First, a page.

Source: http://www.star-telegram.com, December 4, 2017
By: Sandra Baker
Soil containing arsenic and another known cancer-causing chemical in Greenbriar Park is being removed more than a decade after the contamination was discovered.
Crews are getting two sites in the south Fort Worth park ready for the removal of about 6,000 cubic yards of dirt that contain low levels of arsenic and a hydrocarbon used as a base for coatings and paint, in roofing and paving, and as a binder in asphalt products.
Although a 2005 report by environmental consultants concluded the “risk to human health is minimal and no further action should be necessary,” the city has changed course and will now remove the soil.
The remediation is being triggered by a Parks Department expansion of its service center on James Avenue, on the park’s west side. The expansion will take in about 4.5-acres of the park.
“It became an important project, but it wasn’t necessarily urgent,” said Cody Whittenburg, Fort Worth’s environmental manager. “We’re now close to getting rid of it.”
Greenbriar Park, a 49-acre park about four miles south of downtown, will not be closed while the work is being done.
But those who fish at the lake in the park will not have access to the east side of the water. That’s one area where the chemicals are in the soil. The other site is along the park’s north boundary, where park-goers can play Frisbee golf.
“I’m glad that it’s happening,” said Clarissa Calderon, president of the 525-home North Greenbriar Neighborhood Association. “It’s good news for us.”
The neighborhood association regularly partners with the Greenbriar Recreation Center to host events, including a summer fishing competition and during the city’s annual Cowtown Cleanup, she said.
In September, the City Council approved a $341,989 contract with Eagle Remediation and Demolition in Springtown to do the work.
The amount of dirt being removed is enough to fill more than 300 dump trucks. Crews will dig about 12 inches to reach and remove the contamination. The areas will be filled with clean dirt and new sod.
The remediation project is expected to take three to four weeks to complete, Whittenburg said. Because of the low levels of chemicals, the dirt will go to the city’s landfill on Salt Road, about seven miles east of the park off of Interstate 20, he said.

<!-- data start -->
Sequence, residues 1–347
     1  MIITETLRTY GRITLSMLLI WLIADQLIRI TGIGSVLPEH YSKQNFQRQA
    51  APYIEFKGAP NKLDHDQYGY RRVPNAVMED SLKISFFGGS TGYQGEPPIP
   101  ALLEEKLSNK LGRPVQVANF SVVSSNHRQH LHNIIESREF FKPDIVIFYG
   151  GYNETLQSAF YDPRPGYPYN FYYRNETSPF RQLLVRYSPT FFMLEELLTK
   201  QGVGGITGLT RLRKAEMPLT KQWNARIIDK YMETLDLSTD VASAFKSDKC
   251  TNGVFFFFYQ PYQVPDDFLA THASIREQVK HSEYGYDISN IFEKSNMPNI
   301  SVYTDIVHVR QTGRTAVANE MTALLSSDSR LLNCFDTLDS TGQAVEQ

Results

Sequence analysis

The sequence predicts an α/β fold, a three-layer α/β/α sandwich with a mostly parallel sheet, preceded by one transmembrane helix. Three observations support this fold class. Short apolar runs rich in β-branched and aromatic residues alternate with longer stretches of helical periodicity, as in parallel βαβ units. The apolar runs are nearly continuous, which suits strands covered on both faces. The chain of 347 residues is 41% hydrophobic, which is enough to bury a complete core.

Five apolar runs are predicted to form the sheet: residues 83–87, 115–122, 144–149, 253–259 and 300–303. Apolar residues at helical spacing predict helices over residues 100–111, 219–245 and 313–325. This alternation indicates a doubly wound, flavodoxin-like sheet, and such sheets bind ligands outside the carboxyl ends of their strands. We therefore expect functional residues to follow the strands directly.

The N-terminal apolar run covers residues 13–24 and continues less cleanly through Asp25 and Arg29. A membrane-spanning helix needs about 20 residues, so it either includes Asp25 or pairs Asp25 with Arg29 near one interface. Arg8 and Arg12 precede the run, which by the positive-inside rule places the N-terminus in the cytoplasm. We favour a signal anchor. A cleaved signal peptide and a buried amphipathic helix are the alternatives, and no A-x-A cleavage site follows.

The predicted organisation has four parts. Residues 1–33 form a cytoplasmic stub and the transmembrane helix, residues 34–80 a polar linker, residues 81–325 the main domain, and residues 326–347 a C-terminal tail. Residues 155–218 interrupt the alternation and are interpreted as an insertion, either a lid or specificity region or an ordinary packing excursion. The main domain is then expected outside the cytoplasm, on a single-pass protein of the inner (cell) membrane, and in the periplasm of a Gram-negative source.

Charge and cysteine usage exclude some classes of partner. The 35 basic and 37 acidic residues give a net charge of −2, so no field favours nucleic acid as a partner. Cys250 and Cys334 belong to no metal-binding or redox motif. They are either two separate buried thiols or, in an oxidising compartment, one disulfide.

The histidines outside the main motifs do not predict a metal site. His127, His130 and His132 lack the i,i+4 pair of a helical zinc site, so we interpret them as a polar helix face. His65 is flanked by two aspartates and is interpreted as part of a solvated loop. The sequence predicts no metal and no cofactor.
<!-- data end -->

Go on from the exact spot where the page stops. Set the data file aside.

According to a November report from Dallas-based Enercon Services Inc., the hydrocarbon “is believed to be a result of used asphalt and other debris” placed there when the park land was a part of the adjacent Fort Worth Quartermaster Depot. The depot was built in early 1940s as a supply center for the Army in World War II. Its operations ceased in the mid-1960s.
The city conducted an environmental assessment in 2005 after the Star-Telegram looked into documents that showed more than a dozen toxic pollutants had spread across the 278-acre Fort Worth Federal Center. Some of those pollutants had migrated to the park, the Star-Telegram review found.
Back then, consultants found the park contamination was a mix of chemicals and construction debris buried there.
The City Council in May approved issuing $10 million in tax notes for the Parks Department project, which comes because of the expansion of Trail Drive, between University Drive and Lancaster Avenue. An older service center on Crestline Road, near Trail Drive, was recently demolished as part of that project.
The service center will be rebuilt at the James Avenue Service Center. In May, voters will be asked to approve $9 million for the James Avenue Service Center expansion as part of the 2018 bond program. That will involve removing a couple of World War II army barracks.
The General Services Administration began donating land to the city in 1973 for Greenbriar Park. Texas Parks & Wildlife stocks the 3-acre urban lake with rainbow trout throughout the year.
City officials plan to remove soil from two locations in Greenbriar Park in south Fort Worth that have slightly elevated levels of chemicals.